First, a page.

I hate them, far less than i.e. Nintendo who do absolutly stupid and do billions selling 30$ costing consoles at 100/200USD with fucking bad proprietary for every feature, hard/soft being both closed and internally made, thinking that just because people will remember the 1st Wii Sports experience with some beer buddies and ideally the following good party that saturday where you put hands on that girls ass, BTW what's that ass's name shit, I'm losing memory lol" >>> cool. Then what ?

Are you involved professionaly (or have been in the past / wanna become in near future) into working with both audio and video or in a self based decison for entertaining/talented/liking the thing purpose >>> "amateur" the french word is for no-pros <<<

If you master this delicate complex technoly based mixinf of two art forms I can't any other than suggest you to reach somùe Pro-Tools and Nuendo based systems, Ableton for now is music for, with capabilities with video involving tasks but it's very far from the begining of some pro grade software for that topic, I allow myself to say...

Well, have a good day and look at more valuable since aimed at your specifics.

Kind regards.
Antoine, aka Blendton.

OS : Windows 8 Professional with Media Center - x64
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dazzer
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Re: 44KHz or 48KHz? (mostly for video playback)

Post by dazzer » Wed May 15, 2013 8:22 am

^ That's easy for you to say...

Blendton
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Re: 44KHz or 48KHz? (mostly for video playback)

Post by Blendton » Wed May 15, 2013 8:52 am

dazzer wrote:^ That's easy for you to say...
Of course it is "by design" dude.

That's why despite being doing something when I quick-checked Gmail and read all previous writings, I tried to do as you say "the easy stuff", being "I say You should do"

...

but with a long and references to some facts I used to have to know for some purposes long ago, even reaching without asking a 310 grade for Pro-Tools which I declined for schedule conflicts... I remember of course almost everything but if trying to tell you all about my life it would be an off-topic of the decade good challenger that never will be posted post lol ...

Easy to say so tried with my "french factory default settings" to say hard stuff, and do some structured but acceptable way to easily say with difficulties, but nowledge though, the problem being that so many variables in hard/soft/middleware that I could be helpful only if I was a neighboor or something like, in order to make easy what's so easy said but hard to fulllysolve except for budgets above some dozens of thousands of bucks (yeah, it's a lot of ... "of" word lol / and bucks yes I was aboutb to forget :P)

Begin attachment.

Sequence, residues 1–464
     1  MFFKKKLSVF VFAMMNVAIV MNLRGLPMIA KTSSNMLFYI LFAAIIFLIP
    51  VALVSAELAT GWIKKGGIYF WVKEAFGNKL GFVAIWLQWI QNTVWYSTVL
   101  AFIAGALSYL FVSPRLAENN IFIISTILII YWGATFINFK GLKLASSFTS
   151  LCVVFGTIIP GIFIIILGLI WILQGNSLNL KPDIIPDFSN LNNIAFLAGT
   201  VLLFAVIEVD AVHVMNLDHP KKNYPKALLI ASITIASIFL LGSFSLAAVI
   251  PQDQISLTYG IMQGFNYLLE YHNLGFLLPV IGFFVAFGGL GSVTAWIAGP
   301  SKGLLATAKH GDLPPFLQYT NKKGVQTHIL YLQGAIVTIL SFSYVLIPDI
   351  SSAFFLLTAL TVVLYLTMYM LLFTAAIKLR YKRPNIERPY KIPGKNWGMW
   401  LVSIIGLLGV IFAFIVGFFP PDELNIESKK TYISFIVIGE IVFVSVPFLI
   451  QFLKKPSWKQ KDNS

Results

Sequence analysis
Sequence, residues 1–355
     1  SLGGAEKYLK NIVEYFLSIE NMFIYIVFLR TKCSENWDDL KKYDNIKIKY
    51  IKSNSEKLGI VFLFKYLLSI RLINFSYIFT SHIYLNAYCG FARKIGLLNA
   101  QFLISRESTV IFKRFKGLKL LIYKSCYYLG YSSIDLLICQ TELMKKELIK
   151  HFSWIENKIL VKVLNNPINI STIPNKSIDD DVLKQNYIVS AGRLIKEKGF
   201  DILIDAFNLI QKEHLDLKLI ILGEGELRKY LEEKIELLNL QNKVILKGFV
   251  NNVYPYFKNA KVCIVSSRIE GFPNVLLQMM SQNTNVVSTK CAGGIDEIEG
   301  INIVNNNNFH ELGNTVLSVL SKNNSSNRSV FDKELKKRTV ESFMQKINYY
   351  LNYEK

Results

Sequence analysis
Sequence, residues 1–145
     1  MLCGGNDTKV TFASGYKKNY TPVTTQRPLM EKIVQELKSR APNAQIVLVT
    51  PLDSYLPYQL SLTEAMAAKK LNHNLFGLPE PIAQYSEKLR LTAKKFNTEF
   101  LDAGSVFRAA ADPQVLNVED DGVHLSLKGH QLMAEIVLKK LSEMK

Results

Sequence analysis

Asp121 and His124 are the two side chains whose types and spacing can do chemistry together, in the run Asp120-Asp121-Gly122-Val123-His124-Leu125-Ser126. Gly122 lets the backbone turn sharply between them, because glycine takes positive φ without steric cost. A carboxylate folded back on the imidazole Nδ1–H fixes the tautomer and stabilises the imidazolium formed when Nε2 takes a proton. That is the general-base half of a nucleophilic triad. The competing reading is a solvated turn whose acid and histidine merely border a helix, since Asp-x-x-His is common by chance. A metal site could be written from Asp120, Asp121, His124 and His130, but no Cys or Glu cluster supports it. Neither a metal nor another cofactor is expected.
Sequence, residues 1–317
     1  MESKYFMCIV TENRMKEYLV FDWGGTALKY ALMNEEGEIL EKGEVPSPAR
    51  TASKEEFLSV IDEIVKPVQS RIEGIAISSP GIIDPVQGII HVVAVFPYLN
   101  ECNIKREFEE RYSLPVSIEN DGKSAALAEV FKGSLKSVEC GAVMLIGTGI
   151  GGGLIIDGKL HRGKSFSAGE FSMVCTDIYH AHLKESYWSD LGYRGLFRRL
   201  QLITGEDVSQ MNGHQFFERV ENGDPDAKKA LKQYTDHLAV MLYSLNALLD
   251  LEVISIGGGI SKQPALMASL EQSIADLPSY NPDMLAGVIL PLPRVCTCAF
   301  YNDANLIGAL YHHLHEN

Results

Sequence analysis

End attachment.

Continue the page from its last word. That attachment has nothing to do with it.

But yeh firstly AAbleton's joob is not video since their birth until now, as for now they just do what I see as expriments but without releasing crashing stuff because you have to do A/V tasks with Live or Suite....

So Ableton's safety lock : limited to amateur or curiousity triggered works and products... That said, just ONE friend on Ableton uses it with vids and never told me any story about bad things, but he's far less worried about the audio rate part of the tasks bundled in this kind of specific job.

BTW I did my feeling written live post for the day and since I won't be able to help anymore, I just stay tuned. Will only post if adressed by name or asked for something or a tech detail or budget linked questions, etc.

Cheers dudes. :wink:
Antoine, aka Blendton.

OS : Windows 8 Professional with Media Center - x64
Ableton Live 9 Suite (64-bit) & Ableton Suite 8 + Max for Live (32-bit)
Toshiba Qosmio F750 + lenticular glasses-free 3D
i7 2670QM 2,20GHz - 2x4GB DDR3-1333 - 5400rpm HDD

turnstylenyc
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Re: 44KHz or 48KHz? (mostly for video playback)

Post by turnstylenyc » Wed May 15, 2013 11:01 am

florian_bl wrote:[snip]

And the 48 kHz? That is a copy protection.

[snip]
Thank you, that was brilliant info -- when I was thinking "this is annoying" it never occurred to me that it was annoying *by design*! To continue the conversation...

1) It seems most here prefer 48KHz -- but Live defaults to 44KHz -- is there a particular reason for that? Are the clips provided with Live 44KHz or 48KHz (or a mix)?

2) Is 48KHz fine for files such as MP3 or AAC, or is 44KHz still better for those, in the way 44KHz is appropriate for CDs?

Thanks, this has been very interesting!